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Research Trip Memos from Japan: From Archives to Super Rats

From museum storage rooms and Butoh dance performances to gallery visits and Shinjuku by night, a group of MoMA curators in the C-MAP research group led by Associate Curator Doryun Chong went to Japan in the fall of 2011. The goal: to visit the people and places that have been crucial in the curators’ research on performative art in postwar Japan. The group visited eleven museums, ten-plus galleries, two studios, archives, performance venues, and tiny Shinjuku alleyways and drinking holes that played important roles in 1960s avant-garde film. During the trip, the MoMA group met with more than forty artists, critics, scholars, and gallery owners. For a handful of the curators, this was their first trip to Japan. Explore the images and notes by the members of the group to discover what they encountered and some of the highlights of the trip. And tell us what you think they missed: Are there galleries, studios, museums, restaurants, or bars that you enjoy visiting in the Tokyo and Osaka areas (and beyond) that are not included here? If so, share them with us!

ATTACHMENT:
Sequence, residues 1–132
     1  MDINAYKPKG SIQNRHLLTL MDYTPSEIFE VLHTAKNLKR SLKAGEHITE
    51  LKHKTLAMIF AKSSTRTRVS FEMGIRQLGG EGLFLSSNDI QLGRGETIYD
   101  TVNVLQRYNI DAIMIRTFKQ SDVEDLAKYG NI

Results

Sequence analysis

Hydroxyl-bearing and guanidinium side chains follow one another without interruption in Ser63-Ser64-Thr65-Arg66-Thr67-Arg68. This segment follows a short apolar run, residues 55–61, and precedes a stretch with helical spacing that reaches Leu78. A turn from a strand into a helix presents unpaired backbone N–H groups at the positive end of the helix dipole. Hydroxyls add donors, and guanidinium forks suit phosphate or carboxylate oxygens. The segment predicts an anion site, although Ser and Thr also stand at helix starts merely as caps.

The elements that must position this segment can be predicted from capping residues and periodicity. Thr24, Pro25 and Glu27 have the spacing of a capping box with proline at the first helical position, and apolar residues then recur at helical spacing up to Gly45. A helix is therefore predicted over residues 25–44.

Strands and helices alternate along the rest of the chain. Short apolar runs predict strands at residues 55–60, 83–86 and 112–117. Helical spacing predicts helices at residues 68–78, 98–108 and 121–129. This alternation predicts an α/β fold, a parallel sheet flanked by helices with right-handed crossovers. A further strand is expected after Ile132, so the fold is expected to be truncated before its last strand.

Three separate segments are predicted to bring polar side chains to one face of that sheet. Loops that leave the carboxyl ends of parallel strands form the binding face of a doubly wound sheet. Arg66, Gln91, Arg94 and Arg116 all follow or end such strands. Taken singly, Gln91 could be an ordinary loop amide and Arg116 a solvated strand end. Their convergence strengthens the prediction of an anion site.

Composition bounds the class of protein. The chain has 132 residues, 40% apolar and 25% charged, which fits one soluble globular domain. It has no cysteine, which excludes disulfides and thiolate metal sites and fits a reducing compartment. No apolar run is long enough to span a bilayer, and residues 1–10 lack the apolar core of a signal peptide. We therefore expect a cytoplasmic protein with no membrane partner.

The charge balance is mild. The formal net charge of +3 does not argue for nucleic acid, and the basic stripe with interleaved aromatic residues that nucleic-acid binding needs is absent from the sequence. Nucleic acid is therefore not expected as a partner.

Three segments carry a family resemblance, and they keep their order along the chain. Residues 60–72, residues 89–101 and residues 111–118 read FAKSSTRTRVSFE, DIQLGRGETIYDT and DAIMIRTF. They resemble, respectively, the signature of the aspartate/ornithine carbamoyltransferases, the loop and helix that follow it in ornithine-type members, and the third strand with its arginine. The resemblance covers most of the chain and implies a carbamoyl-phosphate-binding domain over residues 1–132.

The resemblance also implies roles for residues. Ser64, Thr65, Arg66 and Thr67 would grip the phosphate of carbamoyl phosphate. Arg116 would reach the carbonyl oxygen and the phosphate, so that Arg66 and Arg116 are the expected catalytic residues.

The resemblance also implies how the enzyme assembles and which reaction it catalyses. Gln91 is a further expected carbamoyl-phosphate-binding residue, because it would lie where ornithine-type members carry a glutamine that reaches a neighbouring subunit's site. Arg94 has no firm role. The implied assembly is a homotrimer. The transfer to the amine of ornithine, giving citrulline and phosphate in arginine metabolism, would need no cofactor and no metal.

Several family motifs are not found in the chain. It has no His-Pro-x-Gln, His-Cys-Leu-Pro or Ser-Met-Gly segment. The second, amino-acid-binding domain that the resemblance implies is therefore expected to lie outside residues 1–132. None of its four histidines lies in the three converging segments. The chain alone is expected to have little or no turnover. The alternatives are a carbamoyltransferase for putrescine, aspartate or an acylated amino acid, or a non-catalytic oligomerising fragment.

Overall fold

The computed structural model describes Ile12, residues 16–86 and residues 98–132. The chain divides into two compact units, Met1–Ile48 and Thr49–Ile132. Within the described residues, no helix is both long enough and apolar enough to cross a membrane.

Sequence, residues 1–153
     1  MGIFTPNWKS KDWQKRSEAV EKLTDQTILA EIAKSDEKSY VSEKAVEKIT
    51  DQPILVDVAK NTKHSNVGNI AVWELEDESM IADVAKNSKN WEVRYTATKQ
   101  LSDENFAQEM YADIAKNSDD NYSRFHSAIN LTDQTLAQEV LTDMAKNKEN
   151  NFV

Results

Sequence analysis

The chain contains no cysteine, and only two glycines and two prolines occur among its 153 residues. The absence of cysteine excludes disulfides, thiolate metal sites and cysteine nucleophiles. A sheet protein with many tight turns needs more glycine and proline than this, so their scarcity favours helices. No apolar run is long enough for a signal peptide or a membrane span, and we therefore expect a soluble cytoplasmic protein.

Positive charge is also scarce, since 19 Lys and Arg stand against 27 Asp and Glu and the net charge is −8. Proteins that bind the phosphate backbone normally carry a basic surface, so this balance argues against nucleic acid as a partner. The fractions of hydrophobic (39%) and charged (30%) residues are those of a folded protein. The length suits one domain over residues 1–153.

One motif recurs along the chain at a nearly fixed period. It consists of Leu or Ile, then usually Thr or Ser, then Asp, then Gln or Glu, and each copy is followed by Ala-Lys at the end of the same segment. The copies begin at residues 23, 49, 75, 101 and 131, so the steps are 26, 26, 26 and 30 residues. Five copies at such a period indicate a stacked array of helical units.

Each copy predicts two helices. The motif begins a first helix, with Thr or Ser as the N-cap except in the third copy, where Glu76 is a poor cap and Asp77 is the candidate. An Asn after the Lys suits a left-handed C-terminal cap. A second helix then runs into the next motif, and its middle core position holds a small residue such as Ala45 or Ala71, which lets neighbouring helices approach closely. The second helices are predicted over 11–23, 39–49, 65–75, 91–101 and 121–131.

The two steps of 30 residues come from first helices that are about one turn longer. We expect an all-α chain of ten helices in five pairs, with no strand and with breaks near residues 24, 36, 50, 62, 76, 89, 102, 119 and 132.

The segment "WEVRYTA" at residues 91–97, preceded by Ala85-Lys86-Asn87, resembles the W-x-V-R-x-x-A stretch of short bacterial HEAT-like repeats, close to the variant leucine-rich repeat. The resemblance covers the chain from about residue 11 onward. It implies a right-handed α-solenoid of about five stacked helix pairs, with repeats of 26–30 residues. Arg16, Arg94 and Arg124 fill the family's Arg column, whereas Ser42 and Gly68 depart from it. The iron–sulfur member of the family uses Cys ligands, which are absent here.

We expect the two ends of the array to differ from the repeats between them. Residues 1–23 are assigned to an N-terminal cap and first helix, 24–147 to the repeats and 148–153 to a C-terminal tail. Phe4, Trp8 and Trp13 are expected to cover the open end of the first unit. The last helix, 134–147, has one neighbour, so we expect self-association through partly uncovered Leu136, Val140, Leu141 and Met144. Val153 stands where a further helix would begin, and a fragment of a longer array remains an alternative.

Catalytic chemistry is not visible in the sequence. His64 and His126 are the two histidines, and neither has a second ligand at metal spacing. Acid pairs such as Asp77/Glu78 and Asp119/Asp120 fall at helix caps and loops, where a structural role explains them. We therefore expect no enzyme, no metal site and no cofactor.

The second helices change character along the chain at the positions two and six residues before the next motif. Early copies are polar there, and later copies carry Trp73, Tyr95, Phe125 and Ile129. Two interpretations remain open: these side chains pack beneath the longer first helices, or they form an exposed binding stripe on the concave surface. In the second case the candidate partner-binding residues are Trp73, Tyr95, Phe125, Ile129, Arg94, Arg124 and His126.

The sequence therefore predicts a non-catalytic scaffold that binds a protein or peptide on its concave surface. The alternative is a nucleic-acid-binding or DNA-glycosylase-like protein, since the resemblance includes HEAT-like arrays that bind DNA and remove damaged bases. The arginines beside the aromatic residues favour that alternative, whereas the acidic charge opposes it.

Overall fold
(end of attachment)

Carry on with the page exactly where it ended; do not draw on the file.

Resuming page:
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Doryun Chong

Associate Curator, Department of Painting and Sculpture The Museum of Modern Art Doryun Chong is the inaugural chief curator of M+, Hong Kong, a museum for visual culture of the 20th and 21st centuries from a Hong Kong/Chinese perspective with a global... Read more »
Elligott  michelle headshot3

Michelle Elligott

Chief of Archives The Museum of Modern Art Michelle Elligott is Chief of Archives of The Museum of Modern Art. Ms. Elligott joined MoMA as a Mellon Fellow in 1995; she became Rona Roob Senior Museum Archivist in... Read more »
Ana v

Ana Janevski

Associate Curator, Department of Media and Performance The Museum of Modern Art Ana Janevski is currently Associate Curator in the Department of Media and Performance Art at The Museum of Modern Art. Most recently, she co-organized the performance... Read more »
Chris lew

Christopher Y. Lew

Assistant Curator MoMA PS1 Christopher Y. Lew is Assistant Curator at MoMA PS1. He joined the Museum in 2006 and has organized the exhibitions New Pictures of Common Objects, Chim Pom, Clifford... Read more »